Just as one of the world’s major consulting and multimanager groups is about to launch Australia’s first active exchange-traded funds (ETFs), an arch-rival consulting firm has questioned the attractiveness of the investment vehicle for institutional investors.

Russell Investment Group’s chief executive, Andrew Doman, announced in Sydney on October 28 that the firm would launch a range of active ETFs in the first quarter next year, with Australia scheduled as one of the first countries to see the new products. To date, State Street Global Advisors, Barclays Global Investors (iShares) and Vanguard Investments have offered indexed ETFs in this market. In the US, several managers, such as Invesco, have offered active ETFs for several years.

The former BNP Investment Management attempted to launch an active ETF in Australia in 2001-2002 but could not gain traction and the business was eventually acquired by Wilson HTM and the ETF project shelved. (BNP’s business in Australia has been subsequently developed as an international multi-affiliate offering.)

But while the ETF market has expanded since SSgA pioneered it in Australia – and is expected to expand further as financial planners move to a fee-for-service, rather than commission, remuneration model – Watson Wyatt recently published a critical client note urging caution about the use of ETFs by institutional investors.

The Watson Wyatt note said: “The vast majority of ETFs are an unattractive long-term investment option for most institutional investors …  While the development of the sector has driven a great deal of product innovation, institutional investors should consider ETFs in conjunction with alternative options because ETFs generally have higher fees than many institutional index products; may have tax implications that require specialist advice; and often contain counterparty risks which investors may not be compensated for.”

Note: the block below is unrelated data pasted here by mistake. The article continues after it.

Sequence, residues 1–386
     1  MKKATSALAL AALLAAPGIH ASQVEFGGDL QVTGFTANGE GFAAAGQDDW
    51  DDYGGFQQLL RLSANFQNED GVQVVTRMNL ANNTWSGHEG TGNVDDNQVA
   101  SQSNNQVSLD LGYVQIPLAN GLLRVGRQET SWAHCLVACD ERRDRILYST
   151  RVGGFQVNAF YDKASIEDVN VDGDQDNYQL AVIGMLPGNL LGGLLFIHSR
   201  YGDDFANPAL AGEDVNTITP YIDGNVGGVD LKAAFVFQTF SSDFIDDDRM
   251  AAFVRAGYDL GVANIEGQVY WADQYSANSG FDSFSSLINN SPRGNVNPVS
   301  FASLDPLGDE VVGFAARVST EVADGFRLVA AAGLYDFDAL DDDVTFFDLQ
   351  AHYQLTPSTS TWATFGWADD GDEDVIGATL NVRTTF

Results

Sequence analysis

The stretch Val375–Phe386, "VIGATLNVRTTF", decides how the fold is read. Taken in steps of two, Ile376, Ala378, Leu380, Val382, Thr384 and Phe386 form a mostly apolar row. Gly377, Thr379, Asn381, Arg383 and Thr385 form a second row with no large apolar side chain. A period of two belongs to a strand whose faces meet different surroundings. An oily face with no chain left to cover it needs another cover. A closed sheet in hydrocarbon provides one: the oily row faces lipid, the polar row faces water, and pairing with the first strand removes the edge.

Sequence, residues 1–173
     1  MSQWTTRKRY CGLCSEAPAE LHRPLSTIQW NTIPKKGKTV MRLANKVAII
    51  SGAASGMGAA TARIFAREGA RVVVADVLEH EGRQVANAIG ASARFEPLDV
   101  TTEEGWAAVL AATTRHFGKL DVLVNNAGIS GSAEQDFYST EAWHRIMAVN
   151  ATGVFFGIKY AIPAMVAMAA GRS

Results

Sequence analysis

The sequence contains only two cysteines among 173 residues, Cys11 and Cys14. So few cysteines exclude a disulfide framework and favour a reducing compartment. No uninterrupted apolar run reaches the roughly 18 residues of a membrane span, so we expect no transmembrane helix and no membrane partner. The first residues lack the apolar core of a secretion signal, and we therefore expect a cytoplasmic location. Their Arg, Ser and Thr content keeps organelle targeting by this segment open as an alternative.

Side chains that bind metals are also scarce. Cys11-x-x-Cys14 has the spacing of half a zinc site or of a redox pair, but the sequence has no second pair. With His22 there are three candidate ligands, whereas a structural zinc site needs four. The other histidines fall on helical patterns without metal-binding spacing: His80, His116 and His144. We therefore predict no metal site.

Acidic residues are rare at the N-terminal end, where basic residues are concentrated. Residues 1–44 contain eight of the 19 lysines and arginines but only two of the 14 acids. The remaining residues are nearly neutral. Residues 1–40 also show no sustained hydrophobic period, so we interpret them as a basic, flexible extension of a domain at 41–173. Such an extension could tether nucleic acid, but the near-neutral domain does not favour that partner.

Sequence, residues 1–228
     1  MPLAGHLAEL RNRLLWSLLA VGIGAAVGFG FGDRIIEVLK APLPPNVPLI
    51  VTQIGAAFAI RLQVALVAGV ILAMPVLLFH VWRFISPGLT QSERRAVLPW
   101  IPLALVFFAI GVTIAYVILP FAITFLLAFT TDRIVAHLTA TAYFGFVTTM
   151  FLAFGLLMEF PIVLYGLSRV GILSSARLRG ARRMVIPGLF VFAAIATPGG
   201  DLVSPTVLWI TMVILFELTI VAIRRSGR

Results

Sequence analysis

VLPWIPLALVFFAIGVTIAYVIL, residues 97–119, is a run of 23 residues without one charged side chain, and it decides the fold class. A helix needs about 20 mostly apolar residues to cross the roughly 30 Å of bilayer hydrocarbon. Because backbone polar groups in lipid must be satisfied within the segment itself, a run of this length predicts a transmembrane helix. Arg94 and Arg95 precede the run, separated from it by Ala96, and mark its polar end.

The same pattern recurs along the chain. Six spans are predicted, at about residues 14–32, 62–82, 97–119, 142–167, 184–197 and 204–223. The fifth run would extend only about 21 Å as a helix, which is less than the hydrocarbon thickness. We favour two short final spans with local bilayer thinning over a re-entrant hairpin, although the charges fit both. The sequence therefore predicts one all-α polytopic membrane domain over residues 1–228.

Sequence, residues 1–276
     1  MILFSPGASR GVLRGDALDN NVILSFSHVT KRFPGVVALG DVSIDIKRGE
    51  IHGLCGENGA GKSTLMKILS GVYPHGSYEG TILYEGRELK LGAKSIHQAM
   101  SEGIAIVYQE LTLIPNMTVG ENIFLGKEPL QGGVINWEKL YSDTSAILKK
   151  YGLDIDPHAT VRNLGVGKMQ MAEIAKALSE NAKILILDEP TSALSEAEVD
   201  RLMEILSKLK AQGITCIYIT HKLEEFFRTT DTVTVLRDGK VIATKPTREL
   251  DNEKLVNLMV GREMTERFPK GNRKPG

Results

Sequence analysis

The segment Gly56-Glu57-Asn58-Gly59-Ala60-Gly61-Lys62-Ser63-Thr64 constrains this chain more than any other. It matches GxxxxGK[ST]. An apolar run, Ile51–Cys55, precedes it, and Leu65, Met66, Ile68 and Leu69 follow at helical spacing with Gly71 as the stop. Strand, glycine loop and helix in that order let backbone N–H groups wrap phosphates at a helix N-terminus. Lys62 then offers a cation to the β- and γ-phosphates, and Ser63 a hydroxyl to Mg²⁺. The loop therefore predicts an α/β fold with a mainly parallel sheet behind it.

The firm also suggested that there was a great deal of development within indexation, which was likely to offer passive investors a broader range of options and better risk-adjusted returns than those currently available in the ETF market.

The Watson Wyatt note, published on December 10, was widely criticised by ETF providers around the world.

ETF vendors have long hoped that intitutions would consider using the vehicles in transition management, however TMs spoken to by I&T News say they prefer futures because they are cheaper.

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